When you're talking about going places a lot of times it's referred to as "going up to <blah>" or "going down to <blah>" ... since it works from going north and south on the front range as well as going east and west since you're going up the mountain or down the mountain ;-) Even if I'm in Denver and going to Pikes Peak I'll say I'm going UP to Pikes, even though it's south.
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Old 12-15-2008, 03:04 PM
 
Location: Denver, CO
5,610 posts, read 21,555,628 times
Reputation: 5397
Most Denver natives say "pop."
Some oldtimers pronounce "wash" like "warsh," as in "warshington park."
Also I've heard some call a shopping cart a "buggy."
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Old 12-15-2008, 03:07 PM
 
5,748 posts, read 11,176,207 times
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Quote:
Originally Posted by vegaspilgrim View Post
Some oldtimers pronounce "wash" like "warsh," as in "warshington park."
I'd never noticed that. I guess it's normal to me, since my relatives in Ohio say it the same way.
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Old 12-15-2008, 04:23 PM
 
Location: Governor's Park/Capitol Hill, Denver, CO
1,536 posts, read 5,679,325 times
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Denver has alleys in almost all of the neighborhoods, unlike the suburbs.

Natives do say "pop" instead of soda, but that has changed with the variety of options.

Natives freak out when they encounter a large bug or spider as we are not use to them growing the size they do in the southern states, they usually freeze here in the winter.

We focus more on the beauty that the weather brings then the negatives of it. We know it will change either that same day or within a week.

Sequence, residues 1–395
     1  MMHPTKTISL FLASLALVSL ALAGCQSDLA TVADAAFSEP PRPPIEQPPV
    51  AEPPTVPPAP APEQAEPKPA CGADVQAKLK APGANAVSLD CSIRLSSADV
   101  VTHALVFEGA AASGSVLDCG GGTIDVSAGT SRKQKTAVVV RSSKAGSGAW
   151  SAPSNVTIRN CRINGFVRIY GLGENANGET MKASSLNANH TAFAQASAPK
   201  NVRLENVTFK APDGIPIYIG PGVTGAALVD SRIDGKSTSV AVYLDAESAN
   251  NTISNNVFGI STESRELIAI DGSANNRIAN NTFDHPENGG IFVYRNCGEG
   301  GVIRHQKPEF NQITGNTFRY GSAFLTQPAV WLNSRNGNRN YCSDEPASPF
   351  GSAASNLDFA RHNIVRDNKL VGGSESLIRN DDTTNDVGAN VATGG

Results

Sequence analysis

Natives will generally avoid you rather then become combative or try to figure you out if you are rude to them.
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Old 12-15-2008, 06:12 PM
 
Location: NOCO
534 posts, read 1,452,969 times
Reputation: 236
The brown cloud. Used to be bigger in the 80's. A cloud reducing visibility, involves particulate matter, aerosols, nitrogen oxides, sulfur oxides, ammonia, etc, etc. Thats fairly unique to denver, since the temp inversions against the mountains made it so strong.

also : beards and facial hair seem extremely popular among all ages 20 and up.
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Old 12-15-2008, 06:34 PM
 
5,090 posts, read 14,160,641 times
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Dogs, Dogs, everywhere. Mostly, everyone has a dog or dogs. I grew up in New York and dogs were not as prevalent. In the ethnic neighborhood where I grew up, Italian, Polish; there were very few dogs and rarely multiple dogs, like here--yet everyone paid their mortgage first and did without luxuries. Here, it is luxury and pets first, mortgage last.